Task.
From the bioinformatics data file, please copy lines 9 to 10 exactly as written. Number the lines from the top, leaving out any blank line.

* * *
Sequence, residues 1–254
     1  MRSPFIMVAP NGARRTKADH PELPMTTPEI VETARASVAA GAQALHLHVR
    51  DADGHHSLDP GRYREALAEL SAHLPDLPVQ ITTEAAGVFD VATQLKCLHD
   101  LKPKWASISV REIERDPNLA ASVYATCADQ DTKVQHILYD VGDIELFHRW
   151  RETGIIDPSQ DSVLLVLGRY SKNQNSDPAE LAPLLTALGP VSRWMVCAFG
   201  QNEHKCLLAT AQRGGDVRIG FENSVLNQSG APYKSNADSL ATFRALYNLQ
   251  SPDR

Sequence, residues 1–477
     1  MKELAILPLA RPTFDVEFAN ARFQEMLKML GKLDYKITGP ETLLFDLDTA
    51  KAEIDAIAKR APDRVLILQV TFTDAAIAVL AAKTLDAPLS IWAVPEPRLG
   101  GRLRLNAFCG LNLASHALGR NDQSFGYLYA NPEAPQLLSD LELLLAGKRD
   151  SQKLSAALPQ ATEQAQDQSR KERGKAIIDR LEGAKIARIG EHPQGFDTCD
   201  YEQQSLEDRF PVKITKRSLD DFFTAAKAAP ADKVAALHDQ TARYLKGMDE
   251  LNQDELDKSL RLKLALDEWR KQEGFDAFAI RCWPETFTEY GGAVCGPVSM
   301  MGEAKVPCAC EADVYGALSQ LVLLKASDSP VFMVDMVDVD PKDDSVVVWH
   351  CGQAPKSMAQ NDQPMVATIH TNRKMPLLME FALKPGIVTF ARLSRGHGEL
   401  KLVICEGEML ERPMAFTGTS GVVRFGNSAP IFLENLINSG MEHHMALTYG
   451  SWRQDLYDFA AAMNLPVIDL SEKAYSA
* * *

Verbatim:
     1  MKELAILPLA RPTFDVEFAN ARFQEMLKML GKLDYKITGP ETLLFDLDTA
    51  KAEIDAIAKR APDRVLILQV TFTDAAIAVL AAKTLDAPLS IWAVPEPRLG